CAMDEN — School Administrative District 28 (Camden-Rockport K-8) administrators and school board members gathered with the public Jan. 29 to talk about next steps for the sprawling Camden-Rockport Middle School complex, and reviewed possible concepts, including pulling down most of the existing buildings and constructing anew.
The forum was held in the cafeteria of the middle school, with architects with the firm Oak Point Associates, of Biddeford and Portsmouth, N.H., on hand to present sketches.
Oak Point has a track record with the Midcoast having designed a school on Vinalhaven, as well as the Lincolnville Central School.
Mathew Dailey, School Administrative District 28 (Camden-Rockport K-8) School Board chairman, initiated the discussion, presenting background to those present.
“The school was built over time with a lot of different pieces, but there really hasn’t been a comprehensive plan as to how it all comes together,” he said. “In the last couple of years, the building has become larger then we need. It’s expensive to operate, expensive to maintain. We are looking at what we want out of this building for the next 50 years. What does it need in terms of curriculum? What does it need in terms of school population, as well as energy efficiency and community needs?”
Rob Tillotson, architect, professional engineer and president of Oak Point Associates, gave a brief overview.
“We will present a number of ideas relating to additions to the building and what it would cost to bring it up to code,” he said. “We have a number of different ideas as to how to do that. We have four different options. One is renovation of the existing building, one is renovation of a slightly downsized building with additions to make it more efficient, one would be a new building separate from the Mary E. Taylor building, and one with an attachment to the Mary Taylor building.”
It was the overall consensus of those present that the Mary E. Taylor building stay as it is historically significant. The different concepts included the building in different capacities from school rooms to administrative offices for SAD 28 and the Five Town CSD (Appleton, Camden, Hope, Lincolnville and Rockport), which oversees Camden Hills Regional High School.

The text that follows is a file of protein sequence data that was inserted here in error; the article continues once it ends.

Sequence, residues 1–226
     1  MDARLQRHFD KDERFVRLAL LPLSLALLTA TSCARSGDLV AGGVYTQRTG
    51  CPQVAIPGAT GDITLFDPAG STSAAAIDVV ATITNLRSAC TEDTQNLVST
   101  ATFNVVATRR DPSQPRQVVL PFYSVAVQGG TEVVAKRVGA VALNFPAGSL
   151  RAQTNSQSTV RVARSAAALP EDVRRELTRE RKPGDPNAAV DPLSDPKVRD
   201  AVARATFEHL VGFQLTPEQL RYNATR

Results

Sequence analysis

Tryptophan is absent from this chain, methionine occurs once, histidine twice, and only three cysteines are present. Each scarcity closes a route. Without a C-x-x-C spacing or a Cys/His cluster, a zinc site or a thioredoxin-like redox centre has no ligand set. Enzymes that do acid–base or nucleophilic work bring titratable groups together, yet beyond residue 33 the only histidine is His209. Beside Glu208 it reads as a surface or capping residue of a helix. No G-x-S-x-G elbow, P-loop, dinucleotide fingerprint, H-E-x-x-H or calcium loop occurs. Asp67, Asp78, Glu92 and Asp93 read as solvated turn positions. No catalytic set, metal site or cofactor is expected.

Tillotson said the cost differential isn’t that great to leave the Taylor building attached or not attached.
Elaine Nutter, SAD 28 and Five Town CSD superintendent, said: “The board has been in discussion about the middle school for many years before I got here, three years ago now. We put the fees for architectural services in our budget last year. That was one of the board priorities to develop a vision and new plan for the middle school.”
Nutter said the forum was the first chance to see ideas that had gone through a 19-member design committee.
“I’ve seen the concepts,” she said. “We’ve done an in-house, 10-year projection and we certainly expect our enrollment to remain steady, maybe even rise a bit, based on our projections. I know some schools see a decreasing enrollment, but we do not see that. We expect to stay where we are right now.”
Nutter said there will be a meeting Feb. 6 at which the committee will consider the input, review plans and discuss further the costs associated with the various concepts. The public is invited to that meeting, which is scheduled for noon to 2 p.m. at the Bus Barn at Lions Lane, in Camden.
“And if not, back to the drawing board,” she said. “Everything is in pencil at this point.”
Energy efficiency was a big concern. Currently the building stands at 120,000 square feet. A new building would be roughly 80,000 square feet and have the energy efficiency to provide even heat and air circulation.
The existing heating system is apparently widely disproportionate; in one room the windows are opened because it is too hot, while in another room, students might be wearing coats to stay warm.
Expenses associated with renovating the existing complex involve improving existing mechanical systems and bringing the building up to code would be large, and not ensure that future needs of the school would be met, architects said.
It might, they said, be more cost effective to construct a new building.
Tillotson said Oak Hill did not want to say which option would be best, because the school belonged to the Camden-Rockport area. They presented a number of concepts that would allow a choice that best fits the needs of the school system and the public. All the concepts carry roughly the same price tag with perhaps a 20 percent differential between the different plans.
Lynda Chilton, SAD 28 board member, said it was clear to her after the presentation and discussion that a new building was the best option.
“I think that will be hard to swallow, but in the long term there will be efficiencies in energy and education,” she said. “It will also give us opportunities to architecturally explore new trends in education. If a new building supports that, then that’s a win for us. I really like the idea of keeping Mary E. Taylor as a separate entity for the community as architectural history and I also like the idea of being able to keep the kids in class rooms while the construction is going on. We’re just not going to be lucky enough for someone to give us a building for the kids to be in while new construction is going on.”
Chilton said she thought all the variations were great for various reasons, but felt in her heart that new construction was the way to go. Chilton said she planned to be on the communications committee to help educate the public in days and weeks to come as the process evolved.
She said she was all for great school systems because the community benefits and it would help make people want to move into the area. She said people look at the education system when considering a move and a new school would only help the area to put its best foot forward.